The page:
Two of Rotary’s core values are leadership and service, which fellows in my cohort have been demonstrating. Some are taking leading roles in group work and raising questions during lectures in our studies. Others are sharing information from their own experiences to help others ranging from academic knowledge to professional and life experience. Interaction and communication are the basis for peacemaking and peacebuilding and I’m learning from their spirit in that regard.
One thing I’ve learned from my cohort is that there is no such thing as a ‘typical’ Peace Fellow. Everyone experiences ‘impostor syndrome’ to a certain extent when starting a new phase of their life, and my self-doubts were only heightened as I met the other Fellows and listened to them speak about their experiences and qualifications. But given how supportive and collaborative my cohort has been, I no longer question whether I deserve to be here. I didn’t take a ‘conventional’ path to get here; but neither did anyone else! We all bring different perspectives and skills, and that diversity is part of what makes this such a special group of people.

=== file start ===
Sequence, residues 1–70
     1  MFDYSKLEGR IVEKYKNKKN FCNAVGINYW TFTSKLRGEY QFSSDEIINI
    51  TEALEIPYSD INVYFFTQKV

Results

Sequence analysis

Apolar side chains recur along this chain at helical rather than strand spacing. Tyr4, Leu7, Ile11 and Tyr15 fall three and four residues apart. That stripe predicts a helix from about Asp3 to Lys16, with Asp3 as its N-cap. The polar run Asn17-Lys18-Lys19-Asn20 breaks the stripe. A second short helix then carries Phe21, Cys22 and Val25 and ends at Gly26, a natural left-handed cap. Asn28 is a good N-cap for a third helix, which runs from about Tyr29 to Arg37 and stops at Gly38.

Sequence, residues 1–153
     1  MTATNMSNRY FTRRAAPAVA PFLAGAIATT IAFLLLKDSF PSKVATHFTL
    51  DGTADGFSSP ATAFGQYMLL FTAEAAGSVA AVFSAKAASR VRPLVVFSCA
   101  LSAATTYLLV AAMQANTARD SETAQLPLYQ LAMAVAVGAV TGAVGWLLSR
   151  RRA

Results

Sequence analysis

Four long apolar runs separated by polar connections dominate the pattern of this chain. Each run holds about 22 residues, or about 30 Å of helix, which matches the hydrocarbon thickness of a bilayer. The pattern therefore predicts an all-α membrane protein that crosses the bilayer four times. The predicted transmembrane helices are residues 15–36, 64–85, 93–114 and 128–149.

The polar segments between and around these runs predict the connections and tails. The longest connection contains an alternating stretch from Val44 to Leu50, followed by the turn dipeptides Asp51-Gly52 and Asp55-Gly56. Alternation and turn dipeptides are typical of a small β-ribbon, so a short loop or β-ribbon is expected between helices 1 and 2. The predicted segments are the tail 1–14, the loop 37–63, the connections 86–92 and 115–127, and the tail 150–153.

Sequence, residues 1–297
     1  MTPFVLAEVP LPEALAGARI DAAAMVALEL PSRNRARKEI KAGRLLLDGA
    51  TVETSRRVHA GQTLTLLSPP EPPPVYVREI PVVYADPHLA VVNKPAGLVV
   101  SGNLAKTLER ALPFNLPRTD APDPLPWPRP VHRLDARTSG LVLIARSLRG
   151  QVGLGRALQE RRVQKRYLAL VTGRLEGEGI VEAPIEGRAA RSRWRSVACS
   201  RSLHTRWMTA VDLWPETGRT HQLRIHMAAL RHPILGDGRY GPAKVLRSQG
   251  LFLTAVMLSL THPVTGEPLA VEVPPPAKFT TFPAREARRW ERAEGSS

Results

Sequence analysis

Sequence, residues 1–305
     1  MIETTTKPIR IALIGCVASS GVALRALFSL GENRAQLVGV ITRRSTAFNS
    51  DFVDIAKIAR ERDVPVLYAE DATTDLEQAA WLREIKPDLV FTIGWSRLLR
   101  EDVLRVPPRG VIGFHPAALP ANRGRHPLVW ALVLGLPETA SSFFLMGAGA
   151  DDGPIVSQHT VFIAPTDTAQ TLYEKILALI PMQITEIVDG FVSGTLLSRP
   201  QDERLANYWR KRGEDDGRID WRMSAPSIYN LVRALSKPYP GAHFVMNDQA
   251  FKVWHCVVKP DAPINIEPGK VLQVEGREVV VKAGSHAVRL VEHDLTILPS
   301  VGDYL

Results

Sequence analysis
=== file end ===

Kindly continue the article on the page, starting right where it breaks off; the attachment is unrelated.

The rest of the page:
One of the most important lessons I’ve learned from my cohort is the value of community. Although this Fellowship represents an amazing opportunity that all of us are grateful to be able to avail ourselves of, it has also entailed moving to a part of the world that most of us were unfamiliar with. While the support of both Uppsala University and the Rotary Foundation have been invaluable, it has been our bond with one another that has helped make this an experience about more than just obtaining a degree. We’ve also connected with Rotary clubs and engaged in many activities together. I am as grateful to all of the members of my cohort for being good study buddies, as I am for their company when all of us just want to kick back and relax!
Ma Dari Gap Zada habzadeh nametanam.